Understand you comment and to a degree you are right, integration and flexibility is good when you have roles that work across an interface and have close skill sets/knowledge base. The problem with this concept is that medical and fire services are apples and pears. They are at the same place but the roles and training are completely different. Also the key cost and limiting factor on resources is well trained bodies. Yes you could give the fire service hybrid rescue and ambulance vehicles but they would still be crewed by the fire service, unless you strip the ambulance service of paramedics. The limiting factor for ambulance services is not vehicles ( they have those), it’s the number of paramedics they can recruit/train within their budget each of which takes 3 years to qualify and cost around 50k to employ per year.

It’s also inefficient, if you have a hybrid vehicle and crew, half the calls you will have a paramedic who’s not needed and being wasted ( he could be in a fast response car or crewing an ambulance) the other half of the time you will have a fire crew hanging out while the paramedic is checking over someone with minor injuries.

You must remember its only a very small number of 999 calls that will need both services.

Then you have what I mentioned in the other post.

I honestly spend most of my working day trying to developed integrated working within health, emergency services and social care. When it works it’s great at improving the quality,but you need to first understand the benefits against any potential loss of efficiency.

Where you could have gains is in joint call centres, budgets, management structures and some common very basis training elements.

Observer
Observer

@AndrewB

A dislocated shoulder is hardly a life threatening injury, if you combined the vehicles, what happens if you get, for example, a house fire threatening to spread to the neighbours…. and a casualty with 70% burns that need immediate evac to a hospital? Leave the casualty and hope he’s still alive after you put out the fire? Or evacuate him and hope that the fire can be contained without you on the scene? If you have an ambulance waiting time, that is not the fault of the vehicle, it is probably the fault of the process or distance.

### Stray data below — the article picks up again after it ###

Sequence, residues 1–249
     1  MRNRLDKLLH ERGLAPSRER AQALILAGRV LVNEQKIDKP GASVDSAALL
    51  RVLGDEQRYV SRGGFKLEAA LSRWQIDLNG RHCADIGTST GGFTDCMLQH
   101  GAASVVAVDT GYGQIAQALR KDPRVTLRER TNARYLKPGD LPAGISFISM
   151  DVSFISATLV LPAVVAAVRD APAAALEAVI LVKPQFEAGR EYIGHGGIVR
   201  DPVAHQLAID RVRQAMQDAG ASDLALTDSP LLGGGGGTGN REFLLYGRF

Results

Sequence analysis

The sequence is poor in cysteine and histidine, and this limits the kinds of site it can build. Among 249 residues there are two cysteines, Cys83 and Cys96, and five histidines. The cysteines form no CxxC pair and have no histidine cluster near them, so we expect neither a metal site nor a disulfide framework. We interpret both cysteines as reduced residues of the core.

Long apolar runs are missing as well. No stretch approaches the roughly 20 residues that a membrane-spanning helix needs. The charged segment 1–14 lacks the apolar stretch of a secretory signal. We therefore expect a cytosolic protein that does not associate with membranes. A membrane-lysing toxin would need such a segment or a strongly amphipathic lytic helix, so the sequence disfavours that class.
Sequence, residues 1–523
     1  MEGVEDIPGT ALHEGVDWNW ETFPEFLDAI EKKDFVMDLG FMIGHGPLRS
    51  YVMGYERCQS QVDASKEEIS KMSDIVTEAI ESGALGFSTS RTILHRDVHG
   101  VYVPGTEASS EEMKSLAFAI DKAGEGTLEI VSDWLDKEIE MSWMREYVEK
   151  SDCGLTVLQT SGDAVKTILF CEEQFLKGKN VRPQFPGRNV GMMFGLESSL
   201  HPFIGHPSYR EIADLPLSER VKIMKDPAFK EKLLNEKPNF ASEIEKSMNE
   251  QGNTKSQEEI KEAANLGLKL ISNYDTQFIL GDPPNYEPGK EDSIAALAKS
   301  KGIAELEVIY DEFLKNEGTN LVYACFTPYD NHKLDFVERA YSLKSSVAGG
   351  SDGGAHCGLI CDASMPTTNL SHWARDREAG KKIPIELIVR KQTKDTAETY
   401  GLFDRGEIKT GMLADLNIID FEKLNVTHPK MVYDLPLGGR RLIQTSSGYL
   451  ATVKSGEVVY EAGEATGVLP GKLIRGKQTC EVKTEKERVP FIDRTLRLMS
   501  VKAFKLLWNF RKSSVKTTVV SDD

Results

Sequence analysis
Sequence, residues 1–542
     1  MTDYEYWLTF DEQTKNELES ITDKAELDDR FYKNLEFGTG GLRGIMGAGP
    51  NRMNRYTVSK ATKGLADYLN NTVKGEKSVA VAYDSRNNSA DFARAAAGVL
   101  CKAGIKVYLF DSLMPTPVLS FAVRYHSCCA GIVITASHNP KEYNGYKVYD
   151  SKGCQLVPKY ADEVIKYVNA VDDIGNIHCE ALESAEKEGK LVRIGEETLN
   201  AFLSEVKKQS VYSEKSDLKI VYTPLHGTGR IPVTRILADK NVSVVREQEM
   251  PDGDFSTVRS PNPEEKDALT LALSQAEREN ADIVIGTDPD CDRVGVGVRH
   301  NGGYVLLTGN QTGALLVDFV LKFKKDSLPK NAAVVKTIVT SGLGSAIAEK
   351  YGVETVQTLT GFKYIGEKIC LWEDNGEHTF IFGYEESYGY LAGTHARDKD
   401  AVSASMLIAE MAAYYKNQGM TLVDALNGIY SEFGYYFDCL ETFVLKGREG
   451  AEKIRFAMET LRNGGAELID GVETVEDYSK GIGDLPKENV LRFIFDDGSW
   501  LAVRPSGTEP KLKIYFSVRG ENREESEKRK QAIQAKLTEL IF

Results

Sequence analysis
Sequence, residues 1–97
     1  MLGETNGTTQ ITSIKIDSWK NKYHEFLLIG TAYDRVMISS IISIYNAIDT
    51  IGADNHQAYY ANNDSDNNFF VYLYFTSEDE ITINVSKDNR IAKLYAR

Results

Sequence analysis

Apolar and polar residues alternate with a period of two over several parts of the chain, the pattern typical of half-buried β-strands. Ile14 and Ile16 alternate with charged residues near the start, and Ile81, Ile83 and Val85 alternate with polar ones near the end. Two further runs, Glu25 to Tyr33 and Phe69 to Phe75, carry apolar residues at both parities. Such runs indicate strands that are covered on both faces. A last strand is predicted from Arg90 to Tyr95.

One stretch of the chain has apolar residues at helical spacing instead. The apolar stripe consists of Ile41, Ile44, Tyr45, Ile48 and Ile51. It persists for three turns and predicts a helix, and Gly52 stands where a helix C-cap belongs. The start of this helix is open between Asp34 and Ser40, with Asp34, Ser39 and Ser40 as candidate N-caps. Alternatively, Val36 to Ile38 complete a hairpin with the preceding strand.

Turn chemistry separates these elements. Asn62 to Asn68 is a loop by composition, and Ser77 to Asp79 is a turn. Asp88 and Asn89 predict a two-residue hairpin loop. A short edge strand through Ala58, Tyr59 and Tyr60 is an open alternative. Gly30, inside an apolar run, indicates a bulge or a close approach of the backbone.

And an hour is already quite good, 1 hour is usually the “international standard” upper limit for response times. At least until they invent the teleporter. STAT lab tests for A&E are one hour, no matter how hard you scream, some things can’t be rushed.

And a dislocation isn’t fatal.

What I think TD was aiming for is an ambulance with casualty extraction capabilities, which is basically a DART (Disaster Assistance and Rescue Team) or HSAR (Heavy Search and Rescue).

Brian Black
Brian Black

The Americans recently aborted a plan to use Stryker variants as the new ambulance for their armored brigades. It was eventually concluded that they needed the same protection and mobility of their IFVs at the front end.

I thought the British Army had identified the need for an SV ambulance variant, and the repurposed Warriors were going to fill other roles. So I guess the 432 ambulances and half dozen Afghan Warriors will do the job for the foreseeable future.

I can’t see the British Army picking up Griffin ambulances, Frenchie. That type of hybrid MRAP/APC would probably be practical for the heavy protected mobility battalions, and perhaps command or mortar carrying variants for the light protected battalions too; but I don’t think all those Mastif and Ridgeback will disappear anytime soon. They may well be replaced in the protected infantry battalions, but I doubt that they will have dramatically deteriorated between leaving Afghanistan and their supposed out-of-service date in the early 2020s. There’ll be some of those still knocking about in the 2040s probably, and I expect in the near term they will make perfectly good protected ambulances. If they bought Griffin, an ambulance would be way down the list of priorities.

DavidNiven
DavidNiven

@Observer